In order for a society to transition from a colonial state to a post-colonial state, it is necessary to dismantle racial and national identities that were established under the colonial system. However, this does not imply completely denying one’s national identity, but rather redefining it in a way that is inclusive and equitable. The specific manifestation of this process in the context of Palestine-Israel remains uncertain. The potential for such a transformation to occur is also uncertain. Nevertheless, in order to avoid falling into despair, it is imperative to maintain the belief and insistence that an alternative path is feasible. It is time to reimagine and envision this alternative future once again.

By Will Shoki

A person conducting a cold, dispassionate survey of the world, which abounds in suffering, may wonder why the situation in Palestine-Israel matters. They might point to the devastating death toll of the Tigray war in Ethiopia, which over the span of two years, might have killed up to 600,000 civilians by some estimates. Or, they may point to the grim picture in Sudan, where the Sudanese Armed Forces and Rapid Support Forces are locked in a power struggle that has so far killed up to 10,000 and internally displaced four million.

One could—as apologists for Israeli apartheid typically do—wonder why Israel’s oppression of Palestinians gets so much attention. Why, we do not care as much about Uyghurs in Xinjiang, or the Sahrawi in Western Sahara. The plain answer to this sort of query is that we should care about all of this. That we can, and we must strive to do so.

But it would be dishonest to pretend as if there isn’t something especially arresting about Palestine-Israel. In 1986, Edward Said put it like this: “Palestine is not an ordinary place. I’m sure where oppression occurs—like South Africa or Chile—those are not ordinary places either. But Palestine has something more. It’s a place where religions are manufactured, and where all kinds of revelations are alleged to have occurred. And it has a kind of density and resonance that virtually no other place in the world has.”

Largely for worse, that this is all playing out in the Holy Land has, until now, reduced a story about occupation and apartheid to a “religious conflict,” presupposing that there are two, evenly-matched sides with equally strong but irreconcilable claims to the land.

Increasingly, people are starting to recognise that it is a much more straightforward story. That the Palestinian struggle is a struggle for self-determination, for—as Hannah Arendt once described citizenship—“the right to have rights.” This is why countries in the Global South have a spontaneous empathy for the Palestinian cause, recognising in it the same fight for national sovereignty that animated independence movements of the 20th century.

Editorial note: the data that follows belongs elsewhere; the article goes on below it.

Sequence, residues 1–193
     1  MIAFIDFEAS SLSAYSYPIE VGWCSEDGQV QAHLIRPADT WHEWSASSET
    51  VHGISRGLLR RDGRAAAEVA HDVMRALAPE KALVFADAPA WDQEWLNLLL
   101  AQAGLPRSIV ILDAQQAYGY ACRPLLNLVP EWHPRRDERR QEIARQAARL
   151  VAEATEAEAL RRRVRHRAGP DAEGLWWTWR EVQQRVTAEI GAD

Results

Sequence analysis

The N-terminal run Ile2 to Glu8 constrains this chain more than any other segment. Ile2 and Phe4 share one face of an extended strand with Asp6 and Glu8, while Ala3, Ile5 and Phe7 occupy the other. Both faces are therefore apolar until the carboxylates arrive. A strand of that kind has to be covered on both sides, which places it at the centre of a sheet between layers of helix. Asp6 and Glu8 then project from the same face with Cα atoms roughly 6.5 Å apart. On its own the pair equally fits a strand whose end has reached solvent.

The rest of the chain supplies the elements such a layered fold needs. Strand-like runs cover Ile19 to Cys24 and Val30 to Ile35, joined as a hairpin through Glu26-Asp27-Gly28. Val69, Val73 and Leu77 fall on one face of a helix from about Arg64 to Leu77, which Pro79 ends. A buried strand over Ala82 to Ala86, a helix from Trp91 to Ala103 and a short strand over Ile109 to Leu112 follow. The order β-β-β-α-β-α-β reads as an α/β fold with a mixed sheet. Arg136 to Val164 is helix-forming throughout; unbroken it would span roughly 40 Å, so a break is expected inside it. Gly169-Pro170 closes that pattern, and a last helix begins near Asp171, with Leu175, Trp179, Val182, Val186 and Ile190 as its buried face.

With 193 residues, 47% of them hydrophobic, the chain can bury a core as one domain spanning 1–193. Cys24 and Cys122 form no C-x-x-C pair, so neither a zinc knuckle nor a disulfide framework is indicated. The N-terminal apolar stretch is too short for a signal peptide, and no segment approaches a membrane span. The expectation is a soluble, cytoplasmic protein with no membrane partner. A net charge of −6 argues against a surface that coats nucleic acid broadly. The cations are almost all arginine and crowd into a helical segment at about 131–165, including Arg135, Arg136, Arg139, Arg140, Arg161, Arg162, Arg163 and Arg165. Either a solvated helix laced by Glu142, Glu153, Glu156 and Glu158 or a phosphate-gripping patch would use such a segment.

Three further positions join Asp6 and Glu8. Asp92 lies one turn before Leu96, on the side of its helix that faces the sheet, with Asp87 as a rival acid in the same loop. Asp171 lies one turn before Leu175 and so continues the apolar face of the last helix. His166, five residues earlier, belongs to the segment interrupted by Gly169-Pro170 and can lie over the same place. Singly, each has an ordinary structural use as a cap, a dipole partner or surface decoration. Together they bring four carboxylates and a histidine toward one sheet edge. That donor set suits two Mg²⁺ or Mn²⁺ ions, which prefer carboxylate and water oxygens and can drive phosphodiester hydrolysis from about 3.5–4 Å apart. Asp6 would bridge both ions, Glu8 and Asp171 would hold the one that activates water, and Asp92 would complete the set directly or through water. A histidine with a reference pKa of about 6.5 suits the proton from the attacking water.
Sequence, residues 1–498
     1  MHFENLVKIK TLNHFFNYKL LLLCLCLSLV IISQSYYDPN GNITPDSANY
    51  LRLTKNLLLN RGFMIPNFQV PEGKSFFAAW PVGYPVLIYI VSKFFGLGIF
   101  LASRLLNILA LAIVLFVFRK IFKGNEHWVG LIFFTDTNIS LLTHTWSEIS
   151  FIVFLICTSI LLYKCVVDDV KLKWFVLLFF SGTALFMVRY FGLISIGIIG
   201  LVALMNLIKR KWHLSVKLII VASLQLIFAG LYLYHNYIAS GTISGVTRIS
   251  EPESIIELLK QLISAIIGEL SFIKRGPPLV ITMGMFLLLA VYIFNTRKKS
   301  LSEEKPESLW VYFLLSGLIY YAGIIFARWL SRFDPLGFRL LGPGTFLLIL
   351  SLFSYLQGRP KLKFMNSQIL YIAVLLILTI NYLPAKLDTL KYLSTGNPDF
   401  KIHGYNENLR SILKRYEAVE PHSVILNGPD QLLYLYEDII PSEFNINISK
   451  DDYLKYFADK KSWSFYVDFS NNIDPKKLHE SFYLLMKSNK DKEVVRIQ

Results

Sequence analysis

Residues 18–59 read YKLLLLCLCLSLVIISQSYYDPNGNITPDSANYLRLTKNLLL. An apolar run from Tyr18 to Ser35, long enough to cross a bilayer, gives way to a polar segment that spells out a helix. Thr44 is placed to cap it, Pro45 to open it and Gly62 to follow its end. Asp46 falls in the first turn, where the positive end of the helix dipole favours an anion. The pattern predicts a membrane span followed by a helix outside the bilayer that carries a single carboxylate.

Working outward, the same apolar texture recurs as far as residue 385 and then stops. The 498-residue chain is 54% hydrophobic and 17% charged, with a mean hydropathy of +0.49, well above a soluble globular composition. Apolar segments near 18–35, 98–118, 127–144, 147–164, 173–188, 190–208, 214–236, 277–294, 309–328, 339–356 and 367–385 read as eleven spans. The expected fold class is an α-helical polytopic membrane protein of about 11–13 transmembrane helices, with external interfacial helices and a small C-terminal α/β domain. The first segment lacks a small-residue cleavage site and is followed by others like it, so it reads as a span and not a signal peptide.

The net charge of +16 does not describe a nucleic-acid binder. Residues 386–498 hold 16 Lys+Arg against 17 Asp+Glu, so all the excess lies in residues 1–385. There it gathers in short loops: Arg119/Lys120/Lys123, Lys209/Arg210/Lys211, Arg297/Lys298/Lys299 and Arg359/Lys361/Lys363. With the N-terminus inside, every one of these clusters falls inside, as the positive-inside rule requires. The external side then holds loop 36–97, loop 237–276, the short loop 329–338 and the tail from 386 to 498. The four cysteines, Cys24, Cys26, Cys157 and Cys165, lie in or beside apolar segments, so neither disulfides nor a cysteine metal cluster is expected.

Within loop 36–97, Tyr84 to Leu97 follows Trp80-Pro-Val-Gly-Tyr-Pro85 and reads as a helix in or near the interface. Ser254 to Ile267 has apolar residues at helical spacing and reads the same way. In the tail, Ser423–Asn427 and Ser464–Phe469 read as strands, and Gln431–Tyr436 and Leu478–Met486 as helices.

This wasn’t always the case. As Israeli scholar Yotam Gidron once wrote on Africa Is a Country: “In the years of African independence, Israeli rhetoric portrayed Israel as a young, post-colonial nation and Zionism as a liberation movement, associating the Jewish state with other newly independent nations in the ‘Third World,’ and rejecting the comparison between Zionism and imperialism.”

This all changed after 1967 when Israel occupied the Sinai peninsula. But setting aside its adherents, there is an allure to the Zionist myth—a story of an oppressed people, who, ostracised from the metropole, seek to fashion a utopian society on land they have historical ties to.

The problem with Zionism is that its ideological basis isn’t Judaism, but colonial modernity. It took the nation-state as its sine qua non, a political form which, throughout history, has been premised on exclusion and homogenization (and utilised the support of the imperial core—mainly Britain and the United States—to achieve statehood).

And so, part of why I am fascinated by Palestine-Israel is because of how it so clearly demonstrates the danger of imagined communities, especially when fashioned from deep, historical trauma (and why I am sceptical of remedies to present wrongs that are modelled on this logic).

At the same time, it furnishes us with an opportunity to imagine, and invent something different. Imagining two peoples on one land does not mean—as Said emphasised : “a diminishing of Jewish life as Jewish life or a surrendering of Palestinian Arab aspirations and political existence. On the contrary, it means self-determination for both peoples.”

I don’t believe the two-state solution can achieve this. Besides it being almost entirely ruled out by present circumstances, it does nothing to dismantle the ethno-nationalist soul of the Zionist political project and would recreate today’s antagonisms in new, subtler forms.

As Jeff Halper argues: “In order for a post-colonial society to emerge, identities, like the rest of the colonial system, need to be deracialised, denationalised—yet not denationalised to the point of denying one’s national identity.”

What this looks like in Palestine-Israel, I don’t know. Whether there will be a chance for this to emerge, I don’t know. But to avoid succumbing to despair, we must believe and insist that another way is possible. It is time to start picturing it again. –

Will Shoki is the editor of Africa Is a Country, an online publication focused on African affairs.

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